Love That’s Better Than Wine
This blog post is meant to follow on the heels of yesterday’s post, The Satisfaction of the Word, since I’m still looking at the same verse. I’m currently leading an inductive Bible study on the Song of Solomon in our missional community Oikos here in Peru, and so some of my blogs are going to come out of the fruit of those studies and preparation in the next few months.
Let Him kiss me with the kisses of His mouth. For Your love is better than wine… (Song 1:2)
I find this verse to be deeply profound, and we could spend a long time here.
For preparation, besides just re-reading the song every week, I’ve been reading Song of Songs (Brazos Theological Commentary on the Bible) by Paul J. Griffiths. I’m finding it a little academic, but I’m still getting quite the good nuggets. But along with it I’m also listening to Mike Bickle’s audio series. Even he spends about 3 or 4 sessions just on this one verse.
I’ll be shorter than that. For now.
The Wine of Gladness
In this verse in the introduction, we get insight into her heart by this one phrase more than any other phrase in all of Song of Solomon.
She is basically saying,
Why do I want the word of God so? Why am I so ravenously hungry for God’s word? For this reason, Your affection for me is better than the wine of this fallen world. Your affection, which is communicated to me by the kisses of Your word, it is so exciting to my spirit. It so exhilarates my spirit, I want Your word more than anything. I understand it reveals Your love or Your affection which is greater than the wine of this fallen world.1
The theme of the song is the Bride’s cry for the kiss of God’s Word to touch the deepest place in her heart. This refers to encountering the Word in the deepest and most intimate way. In other words, the Word reveals the King’s emotions for His Bride and awakens our heart in the 3-fold love of God (love from God, then for God, which overflows to others).
If your dream is for the kisses of His Word because you have revelation that His affection for you is even more powerful than the good wine of blessing, then you will stay solid and steady through the years. She reveals the priority of these superior pleasures of His Word to the wine of this world.
While it’s true that she is saying His love, His Word is better than sin, which is an easy and obvious interpretation to make of this passage, but it’s only part true. It’s also better than the good things, the non-sinful but yet still empty pleasures of this world. She uses the wine metaphor here to say that His love “exhilarates her heart.”
Wine also helps numb individuals to the cares of this world. The lost drink away their sorrows and troubles, and for them, the wine is a way of escape. But for the Shulamite, it’s not an escape. She’s saying this is more satisfying than even any of the privileges this life has to offer. Wine is the drink of gladness that makes people happy who drink it.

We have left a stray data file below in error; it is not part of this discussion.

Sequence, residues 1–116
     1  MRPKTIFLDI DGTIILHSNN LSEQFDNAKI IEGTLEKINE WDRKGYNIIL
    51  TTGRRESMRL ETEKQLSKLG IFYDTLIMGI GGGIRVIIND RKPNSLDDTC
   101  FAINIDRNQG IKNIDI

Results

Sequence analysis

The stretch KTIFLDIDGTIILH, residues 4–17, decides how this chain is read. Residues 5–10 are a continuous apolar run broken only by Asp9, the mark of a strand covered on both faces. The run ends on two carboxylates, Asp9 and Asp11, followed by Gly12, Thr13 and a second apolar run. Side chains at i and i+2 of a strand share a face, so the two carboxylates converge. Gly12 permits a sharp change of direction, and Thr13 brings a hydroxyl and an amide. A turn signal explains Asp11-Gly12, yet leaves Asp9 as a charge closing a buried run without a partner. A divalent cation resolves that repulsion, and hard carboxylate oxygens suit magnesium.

She finds His love more satisfying than this drink of gladness.
Being Filled With The Holy Spirit
We’ve also seen elsewhere in Scripture how wine is used symbolically in good ways. It’s often used as symbolism in the New Testament to represent the Holy Spirit, and the reader is encouraged to read this post for more on what can be received from such revelation.
As I said in that post,
The shepherdess is saying His [Christ’s] love is more excellent than the wine–good and noble things, even though they may be Holy Spirit inspired. If you are being filled with the Holy Spirit–as our familiar passage in Ephesians 5 says–you won’t just be speaking and making melody in your heart, but you will also be “submitting to one another out of reverence for Christ” (v.21). What is submission more than merely preferring the other person more than yourself, out of the agape love poured out in your heart the more you continually receive infilling of the wine of the Holy Spirit?
As we’ll see the more we look at the song, and the Shulamite’s exhortation to the daughters of Jerusalem, you can’t excel in your love and depth of understanding for God without it resulting in a love for the rest of His flock as well. Intimacy with God is done in isolation, but results in overflow towards others in community.
We will explore these themes more in future blog posts, so stay tuned.
In the meantime, ask yourself:
- What are you currently finding satisfaction in?
- Is it overflowing into preferring others as more esteemed than yourself?
- Does your love for Christ result in community around you being edified and built up in the flow of the Holy Spirit?
- Mike Bickle, Song of Songs, A 24 session, comprehensive, verse-by-verse, teaching series [↩]
About Steve Bremner
Steve Bremner is a Canadian missionary to Peru, who is called to raise up disciples who flow in the power of the Holy Spirit within a missional community named Oikos. If you like Steve's blog, you'll also like his Kindle books. Note: this post may have contained affiliate links of which the author receives a small commission if you purchase something recommended in the post.